Breaking down pay-to-stay convictions More than 3,500 people participated in pay-to-stay programs in Southern California from 2011 through 2015.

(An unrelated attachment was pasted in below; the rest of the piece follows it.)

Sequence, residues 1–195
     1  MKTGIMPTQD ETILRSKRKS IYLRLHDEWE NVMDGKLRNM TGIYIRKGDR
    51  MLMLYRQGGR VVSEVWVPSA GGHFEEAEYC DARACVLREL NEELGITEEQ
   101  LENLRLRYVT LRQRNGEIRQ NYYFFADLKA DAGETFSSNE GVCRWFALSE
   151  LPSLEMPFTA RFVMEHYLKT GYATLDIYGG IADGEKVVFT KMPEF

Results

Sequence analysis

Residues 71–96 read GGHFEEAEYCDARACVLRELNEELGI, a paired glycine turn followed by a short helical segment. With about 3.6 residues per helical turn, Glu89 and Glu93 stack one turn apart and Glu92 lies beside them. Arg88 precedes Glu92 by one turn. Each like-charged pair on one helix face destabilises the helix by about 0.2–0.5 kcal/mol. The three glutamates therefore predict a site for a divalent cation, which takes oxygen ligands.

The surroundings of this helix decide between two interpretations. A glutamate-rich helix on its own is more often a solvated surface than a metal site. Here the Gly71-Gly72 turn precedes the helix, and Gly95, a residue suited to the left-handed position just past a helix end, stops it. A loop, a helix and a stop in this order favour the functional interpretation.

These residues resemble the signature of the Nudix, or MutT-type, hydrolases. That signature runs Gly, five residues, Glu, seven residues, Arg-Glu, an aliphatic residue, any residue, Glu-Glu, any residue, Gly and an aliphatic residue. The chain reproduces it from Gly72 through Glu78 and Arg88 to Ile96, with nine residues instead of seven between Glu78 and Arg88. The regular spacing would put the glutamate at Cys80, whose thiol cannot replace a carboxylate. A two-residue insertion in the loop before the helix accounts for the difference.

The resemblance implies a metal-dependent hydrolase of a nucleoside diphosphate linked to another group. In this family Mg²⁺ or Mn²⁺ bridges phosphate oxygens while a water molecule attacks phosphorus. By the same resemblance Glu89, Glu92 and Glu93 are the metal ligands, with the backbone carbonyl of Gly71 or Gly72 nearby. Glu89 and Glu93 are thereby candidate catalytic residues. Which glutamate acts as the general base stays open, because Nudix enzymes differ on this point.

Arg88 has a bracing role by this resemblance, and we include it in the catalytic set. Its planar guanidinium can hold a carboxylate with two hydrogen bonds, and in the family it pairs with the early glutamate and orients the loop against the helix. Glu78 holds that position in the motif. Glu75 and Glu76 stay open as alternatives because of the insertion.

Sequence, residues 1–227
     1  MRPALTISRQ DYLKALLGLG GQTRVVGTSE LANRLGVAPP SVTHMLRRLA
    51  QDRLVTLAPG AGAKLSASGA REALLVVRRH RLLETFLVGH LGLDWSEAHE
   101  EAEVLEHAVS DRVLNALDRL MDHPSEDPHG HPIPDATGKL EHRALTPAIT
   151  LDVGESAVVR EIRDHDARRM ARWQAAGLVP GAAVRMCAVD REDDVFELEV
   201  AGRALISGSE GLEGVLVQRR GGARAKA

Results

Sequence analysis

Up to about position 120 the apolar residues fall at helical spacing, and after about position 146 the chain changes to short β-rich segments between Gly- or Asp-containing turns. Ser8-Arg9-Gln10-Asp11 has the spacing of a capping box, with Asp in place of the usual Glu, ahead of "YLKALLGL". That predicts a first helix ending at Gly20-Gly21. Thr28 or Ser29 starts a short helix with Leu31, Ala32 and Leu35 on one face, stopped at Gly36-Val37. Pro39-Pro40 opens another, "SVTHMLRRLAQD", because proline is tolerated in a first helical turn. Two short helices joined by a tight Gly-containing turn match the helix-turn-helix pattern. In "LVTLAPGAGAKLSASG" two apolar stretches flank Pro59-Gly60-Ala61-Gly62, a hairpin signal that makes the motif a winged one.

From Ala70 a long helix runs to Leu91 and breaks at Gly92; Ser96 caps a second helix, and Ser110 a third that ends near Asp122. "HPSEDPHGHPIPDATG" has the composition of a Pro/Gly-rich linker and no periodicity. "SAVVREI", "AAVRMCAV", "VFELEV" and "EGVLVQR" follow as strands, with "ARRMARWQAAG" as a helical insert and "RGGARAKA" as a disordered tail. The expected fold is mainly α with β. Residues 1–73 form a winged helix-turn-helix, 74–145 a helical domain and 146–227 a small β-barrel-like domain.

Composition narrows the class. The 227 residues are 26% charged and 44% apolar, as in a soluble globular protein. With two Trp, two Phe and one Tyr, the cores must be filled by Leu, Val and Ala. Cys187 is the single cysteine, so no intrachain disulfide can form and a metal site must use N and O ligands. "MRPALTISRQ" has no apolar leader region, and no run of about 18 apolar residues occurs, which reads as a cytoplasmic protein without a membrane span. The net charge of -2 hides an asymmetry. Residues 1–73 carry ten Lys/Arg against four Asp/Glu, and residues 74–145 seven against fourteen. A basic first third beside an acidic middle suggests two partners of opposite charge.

But three in four singles is turned off if a date answers their phone without any explanation, and more than half are turned off by texting during the date."It’s sort of a mixed message because on one hand people judge potential sexual partners based on social media posts, but then they also want them to put (their phones) down," Anderson says.With dating and hookup apps making it easier than ever to hop in bed, now the intimate part can often times be introducing a partner to friends and family.“We used to think of sex as you crossed the line now you are in an intimate zone, but now sex is almost a given and it’s not the intimate part," Anderson said."The intimate part is getting to know someone and going on a date.”And while 40% of singles have dated someone they met online, they don’t want technology to spill-over to the actual dates.Markin learned about Wurtzel’s upgraded jail stay only recently, from a reporter. But what started out as an antidote to overcrowding has evolved into a two-tiered justice system that allows people convicted of serious crimes to buy their way into safer and more comfortable jail stays.An analysis by the Marshall Project and the Los Angeles Times of the more than 3,500 people who served time in Southern California’s pay-to-stay programs from 2011 through 2015 found more than 160 participants who had been convicted of serious crimes including assault, robbery, domestic violence, battery, sexual assault, sexual abuse of children and possession of child pornography.